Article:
On the mid-term horizon in the 2010 Horizon Report, it’s no surprise that augmented reality continues to be a technology to watch in the 2011 Horizon Report, with a predicted two- to three-year adoption rate. “Augmented reality” (AR) refers to technology that modifies a user’s “real” view of reality with computer-generated imagery. The amount of reality versus computer-generated imagery will vary with the application and in some applications, the user can interact with computer-generated imagery in a context-sensitive way.
This great Common Craft video provides an overview of the technology.
As noted in a previous post, AR has been around for a while, but what’s changed is increased visibility in the public eye, integration into a variety of mobile platforms, and recognition that AR can be a powerful way to layer dynamic, interactive learning experiences onto real-world objects.
As noted in the 2011 Horizon Report:
Augmented reality is an active, not a passive technology; students can use it to construct new understanding based on interactions with virtual objects that bring underlying data to life. Dynamic processes, extensive datasets, and objects too large or too small to be manipulated can be brought into a student’s personal space at a scale and in a form easy to understand and work with. In a broader context of education, augmented reality is appealing because it aligns with situated learning.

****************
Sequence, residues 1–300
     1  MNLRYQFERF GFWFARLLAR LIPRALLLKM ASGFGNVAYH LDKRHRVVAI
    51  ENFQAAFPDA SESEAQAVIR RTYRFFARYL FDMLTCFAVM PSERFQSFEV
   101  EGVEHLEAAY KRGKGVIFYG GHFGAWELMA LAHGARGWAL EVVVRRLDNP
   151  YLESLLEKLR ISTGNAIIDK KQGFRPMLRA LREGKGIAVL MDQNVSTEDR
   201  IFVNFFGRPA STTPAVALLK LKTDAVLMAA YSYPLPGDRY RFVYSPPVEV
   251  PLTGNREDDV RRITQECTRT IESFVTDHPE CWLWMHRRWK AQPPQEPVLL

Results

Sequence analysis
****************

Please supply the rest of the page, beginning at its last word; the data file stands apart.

More recent applications of AR include:
- Incorporation in video
- Augmented books such as WondLA vision and Zooburst
- Incorporation into games, such as ARG games (e.g., MITAR, ARIS, and the ROAR project)
- Extensions of Google Earth with AR functionalities (e.g., ARSights)
- Extensions of Google SketchUp (e.g., via ARSights)
- Use in Flashcards (e.g., Smash Cards)
- Medical education applications (such as provided by LearnAR and Vuzix® AR Education Group)
- Performance support tools in medical procedures (such as medical imaging procedures)
- Use in simulations (e.g., in emergency preparedness training)
In my opinion, a tipping point will occur as more people learn how to create their own layered experiences. Some tools to explore include:
These applications differ quite a bit in their definitions of AR but I’m erring on the side of including a broad range of tools.
- Augmented reality goes mobile
- QR codes, augmented reality, and learning for health
- Augmented reality and mlearning